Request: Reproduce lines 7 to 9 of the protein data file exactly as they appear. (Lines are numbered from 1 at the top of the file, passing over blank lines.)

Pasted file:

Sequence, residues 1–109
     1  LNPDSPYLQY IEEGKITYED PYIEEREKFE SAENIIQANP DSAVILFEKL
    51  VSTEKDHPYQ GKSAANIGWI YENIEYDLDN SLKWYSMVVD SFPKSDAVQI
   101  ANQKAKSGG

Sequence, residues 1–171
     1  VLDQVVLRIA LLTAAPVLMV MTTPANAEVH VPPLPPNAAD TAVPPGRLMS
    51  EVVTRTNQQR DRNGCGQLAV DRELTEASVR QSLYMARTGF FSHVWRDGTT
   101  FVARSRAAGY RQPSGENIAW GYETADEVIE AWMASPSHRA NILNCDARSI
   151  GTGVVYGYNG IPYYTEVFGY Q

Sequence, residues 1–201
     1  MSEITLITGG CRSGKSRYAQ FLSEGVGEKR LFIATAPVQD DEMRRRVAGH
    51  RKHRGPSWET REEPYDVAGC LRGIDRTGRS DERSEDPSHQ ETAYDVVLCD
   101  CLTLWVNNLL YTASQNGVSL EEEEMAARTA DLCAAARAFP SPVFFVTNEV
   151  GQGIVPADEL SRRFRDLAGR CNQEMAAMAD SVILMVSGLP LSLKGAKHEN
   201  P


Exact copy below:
    51  EVVTRTNQQR DRNGCGQLAV DRELTEASVR QSLYMARTGF FSHVWRDGTT
   101  FVARSRAAGY RQPSGENIAW GYETADEVIE AWMASPSHRA NILNCDARSI
   151  GTGVVYGYNG IPYYTEVFGY Q